UPDATE: That said, now that I look at DVDCompare.net, I discover that the original language track was on the flipside of the disc. I had assumed it was a pan-and-scan presentation on the other side, as it often is here. Oh well...

This post has been edited by Omniscia: Aug 17 2008, 02:47 AM
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Llama
post Aug 17 2008, 09:00 AM
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QUOTE (logger @ Aug 17 2008, 12:09 AM)
Shooter

Kind of lost interest half way through.
*

I watched it too. It was ok, started off well, then sort of went a bit generic and explosion-y.
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Baz
post Aug 17 2008, 09:42 AM
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Star Wars: The Clone Wars
Not as bad as I thought it was going to be, I think I enjoyed this more than any of the prequels and some of the fight scenes were great.
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Rua
post Aug 17 2008, 09:54 AM
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QUOTE (Baz @ Aug 17 2008, 10:42 AM)
Star Wars: The Clone Wars
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Is it worth seeing in the cinema?
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Zoe
post Aug 17 2008, 11:35 AM
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Bridge to Terabithia (2007)

Very much a children's film, firmly aimed at the pre-teen age group, and it's certainly towards the top of that particular genre. It deals with some rather tough issues and genuine problems that young people face, using a combination of real world solutions and magic realism. It's an effective mix and proves surprisingly moving when the film takes an unexpected turn before the final act.

The total absence of cynicism and adult humour, mean it's probably one for children and families only, but if you fancy something in the style of eighties flicks like 'Flight of the Navigator' or 'The Neverending Story' you might find it a pleasurable diversion.

It made me cry quite a bit, but everything makes me cry.

AnnaSophia Robb is a star in the making, she's absolutely stunning. One high profile performance, in a more adult or critically successful film and I'm sure she'll be on everyone's radar as a future star. She was Violet Beauregarde in the recent Burton Chocolate Factory remake, and was the traditional creepy lank haired child in the diabolical 'The Reaping'.
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GundamGuy_UK
post Aug 17 2008, 12:32 PM
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QUOTE (logger @ Aug 17 2008, 12:09 AM)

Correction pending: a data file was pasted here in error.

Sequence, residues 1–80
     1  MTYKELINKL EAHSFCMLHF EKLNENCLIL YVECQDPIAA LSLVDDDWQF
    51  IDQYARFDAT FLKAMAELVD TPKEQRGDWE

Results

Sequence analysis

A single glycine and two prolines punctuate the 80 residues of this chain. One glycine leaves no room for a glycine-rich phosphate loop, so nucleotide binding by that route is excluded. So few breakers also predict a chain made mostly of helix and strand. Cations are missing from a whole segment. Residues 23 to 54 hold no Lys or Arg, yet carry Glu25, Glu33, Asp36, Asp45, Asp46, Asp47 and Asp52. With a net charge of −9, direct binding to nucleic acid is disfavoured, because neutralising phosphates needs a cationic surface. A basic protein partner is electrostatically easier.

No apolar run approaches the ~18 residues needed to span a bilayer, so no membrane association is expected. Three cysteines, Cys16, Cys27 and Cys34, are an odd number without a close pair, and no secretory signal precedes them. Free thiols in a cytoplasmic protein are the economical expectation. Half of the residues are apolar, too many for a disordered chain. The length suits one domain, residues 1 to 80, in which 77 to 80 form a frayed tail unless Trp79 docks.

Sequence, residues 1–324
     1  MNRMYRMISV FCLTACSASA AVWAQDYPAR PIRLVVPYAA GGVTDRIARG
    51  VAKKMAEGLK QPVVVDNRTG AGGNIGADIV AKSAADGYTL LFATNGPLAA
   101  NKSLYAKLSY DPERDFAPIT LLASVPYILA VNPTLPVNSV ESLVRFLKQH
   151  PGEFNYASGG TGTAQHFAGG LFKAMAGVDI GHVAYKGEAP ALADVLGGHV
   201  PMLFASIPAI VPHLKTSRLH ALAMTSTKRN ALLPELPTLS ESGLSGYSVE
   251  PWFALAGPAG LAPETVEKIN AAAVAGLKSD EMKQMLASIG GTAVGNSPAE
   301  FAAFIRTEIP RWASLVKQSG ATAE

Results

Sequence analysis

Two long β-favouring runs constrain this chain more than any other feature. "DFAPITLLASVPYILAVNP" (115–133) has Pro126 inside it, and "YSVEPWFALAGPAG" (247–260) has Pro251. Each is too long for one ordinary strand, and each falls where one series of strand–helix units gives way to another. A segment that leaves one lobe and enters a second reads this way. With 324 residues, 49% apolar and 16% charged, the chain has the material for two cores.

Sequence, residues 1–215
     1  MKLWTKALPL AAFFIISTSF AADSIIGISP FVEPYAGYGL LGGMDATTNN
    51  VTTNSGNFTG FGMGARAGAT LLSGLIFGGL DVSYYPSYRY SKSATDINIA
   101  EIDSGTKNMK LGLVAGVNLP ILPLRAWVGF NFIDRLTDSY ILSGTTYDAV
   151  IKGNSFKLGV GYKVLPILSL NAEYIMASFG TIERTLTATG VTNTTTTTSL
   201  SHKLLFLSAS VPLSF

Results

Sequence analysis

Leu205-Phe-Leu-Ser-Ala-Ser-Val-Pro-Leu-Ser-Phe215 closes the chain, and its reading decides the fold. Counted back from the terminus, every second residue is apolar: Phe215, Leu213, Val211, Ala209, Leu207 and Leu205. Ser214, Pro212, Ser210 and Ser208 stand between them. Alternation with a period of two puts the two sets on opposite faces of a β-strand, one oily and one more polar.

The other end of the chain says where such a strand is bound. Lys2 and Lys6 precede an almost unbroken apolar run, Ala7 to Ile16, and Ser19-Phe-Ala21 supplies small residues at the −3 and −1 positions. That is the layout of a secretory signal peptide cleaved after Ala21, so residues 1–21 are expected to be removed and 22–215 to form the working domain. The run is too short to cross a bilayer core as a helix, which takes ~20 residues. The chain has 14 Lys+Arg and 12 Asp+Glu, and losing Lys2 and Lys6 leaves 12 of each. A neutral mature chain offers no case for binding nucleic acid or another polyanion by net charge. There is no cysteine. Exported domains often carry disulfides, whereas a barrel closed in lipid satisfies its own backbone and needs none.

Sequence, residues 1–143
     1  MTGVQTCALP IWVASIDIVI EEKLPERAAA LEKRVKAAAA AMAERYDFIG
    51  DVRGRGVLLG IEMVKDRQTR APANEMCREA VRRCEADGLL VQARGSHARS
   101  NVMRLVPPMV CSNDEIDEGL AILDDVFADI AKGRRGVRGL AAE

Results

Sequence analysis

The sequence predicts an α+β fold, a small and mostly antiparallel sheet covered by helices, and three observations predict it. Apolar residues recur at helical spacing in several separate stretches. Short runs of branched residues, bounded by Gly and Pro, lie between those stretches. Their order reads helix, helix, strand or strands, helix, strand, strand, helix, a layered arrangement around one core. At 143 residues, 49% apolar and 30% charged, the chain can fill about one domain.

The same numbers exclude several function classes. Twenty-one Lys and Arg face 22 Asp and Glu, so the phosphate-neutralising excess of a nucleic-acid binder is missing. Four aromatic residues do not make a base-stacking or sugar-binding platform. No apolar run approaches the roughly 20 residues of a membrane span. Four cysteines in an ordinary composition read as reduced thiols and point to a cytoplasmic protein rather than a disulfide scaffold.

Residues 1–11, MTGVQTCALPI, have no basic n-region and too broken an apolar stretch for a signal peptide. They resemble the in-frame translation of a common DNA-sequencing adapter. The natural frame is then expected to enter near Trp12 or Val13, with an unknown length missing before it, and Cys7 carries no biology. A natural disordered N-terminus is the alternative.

Shooter

Kind of lost interest half way through.
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I enjoyed it, but mostly because of the truely bizarre jokes me and my friend were making about it at the time.

Cool Runnings - I don't suppose I need to say anything about this one, really. Remember - bones don't break, they shatter.
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Ade
post Aug 17 2008, 01:20 PM
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Man On Wire

"Imm-poss-see-ble, impossible, impossible! Okay, so eet eez impossible, that's sure - so let's get to work."

I've already banged on about this several times already, but now I've finally seen it, I can safely say this British-made documentary about Frenchman Phillipe Petit's high-wire walk between the twin towers of the World Trade Center in 1974 is easily one of myTop 5 Films of 2008.

I wish I could better verbalise what a wonderfully poetic film ('documentary' seems too dismissive a word) this is - dandan has already done a far better job, so I'll merely quote his review again:

QUOTE (dandan @ Aug 3 2008, 11:35 AM)
man on wire - don't look down...

in 1974, philippe petit and a small team of co-conspiritors managed to sneak into the north and south towers of the world trade centre, in new york; they erected a wire, upon which philippe made his way between the twin towers.

the documentary charts this feat, portrayed as if it were a heist, whilst telling the story of the dream philippe had, of accomplishing it, when he saw that construction was beginning on the towers. showing also philippe's wire-walking exploits on the cathedral at notre dame and on the sydney harbour bridge, the documentary paints a portrait of an interesting and inspiring character...

entertaining, interesting, inspiring and beautiful. this is a very enjoyable documentary, inhabited by an interesting bunch of characters, none more so than petit himself. even though i'd never heard of this act, until i saw the trailer for this documentary a few weeks ago, the poster for the film which shows petit's walk between the towers doesn't remove any of the tension or make the viewer any less engaged. as i said, petit is a very interesting character (despite the fact he's also a juggler) and, with a humorous and slightly off-kilter look at life he, along with the others who participated in his walks, make this film eminently watchable.

the walk itself, even though it is mostly shown through photographs, is a thing of extreme beauty, whilst the reactions it evokes are quite amazing.

good stuff...
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As dandan rightly says, the ebullient Phillipe is a fascinating character, and with such an obvious passion for his craft, he could probably carry the film entirely by himself - you can't help but be inspired by his general outlook on life.

It's a pity this is not on general circulation for the masses - you're only likely going to catch this at an independent cinema or your local arts centre. But I strongly recommend it if you do get the opportunity.